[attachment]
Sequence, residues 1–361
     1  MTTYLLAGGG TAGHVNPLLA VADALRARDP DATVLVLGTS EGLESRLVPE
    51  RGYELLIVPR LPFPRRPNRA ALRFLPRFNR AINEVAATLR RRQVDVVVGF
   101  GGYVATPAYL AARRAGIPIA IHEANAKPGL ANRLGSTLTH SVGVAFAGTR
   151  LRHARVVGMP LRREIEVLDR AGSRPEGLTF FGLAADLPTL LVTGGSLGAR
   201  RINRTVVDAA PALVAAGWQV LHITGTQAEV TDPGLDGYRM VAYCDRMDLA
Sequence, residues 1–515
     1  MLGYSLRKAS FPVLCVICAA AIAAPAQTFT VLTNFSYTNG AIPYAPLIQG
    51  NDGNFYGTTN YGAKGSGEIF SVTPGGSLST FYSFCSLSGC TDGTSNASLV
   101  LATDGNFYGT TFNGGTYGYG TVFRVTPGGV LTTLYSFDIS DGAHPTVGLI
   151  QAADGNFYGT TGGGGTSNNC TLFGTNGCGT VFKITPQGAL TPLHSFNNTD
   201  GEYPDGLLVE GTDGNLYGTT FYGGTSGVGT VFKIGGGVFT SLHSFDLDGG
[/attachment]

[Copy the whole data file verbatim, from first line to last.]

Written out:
Sequence, residues 1–361
     1  MTTYLLAGGG TAGHVNPLLA VADALRARDP DATVLVLGTS EGLESRLVPE
    51  RGYELLIVPR LPFPRRPNRA ALRFLPRFNR AINEVAATLR RRQVDVVVGF
   101  GGYVATPAYL AARRAGIPIA IHEANAKPGL ANRLGSTLTH SVGVAFAGTR
   151  LRHARVVGMP LRREIEVLDR AGSRPEGLTF FGLAADLPTL LVTGGSLGAR
   201  RINRTVVDAA PALVAAGWQV LHITGTQAEV TDPGLDGYRM VAYCDRMDLA
Sequence, residues 1–515
     1  MLGYSLRKAS FPVLCVICAA AIAAPAQTFT VLTNFSYTNG AIPYAPLIQG
    51  NDGNFYGTTN YGAKGSGEIF SVTPGGSLST FYSFCSLSGC TDGTSNASLV
   101  LATDGNFYGT TFNGGTYGYG TVFRVTPGGV LTTLYSFDIS DGAHPTVGLI
   151  QAADGNFYGT TGGGGTSNNC TLFGTNGCGT VFKITPQGAL TPLHSFNNTD
   201  GEYPDGLLVE GTDGNLYGTT FYGGTSGVGT VFKIGGGVFT SLHSFDLDGG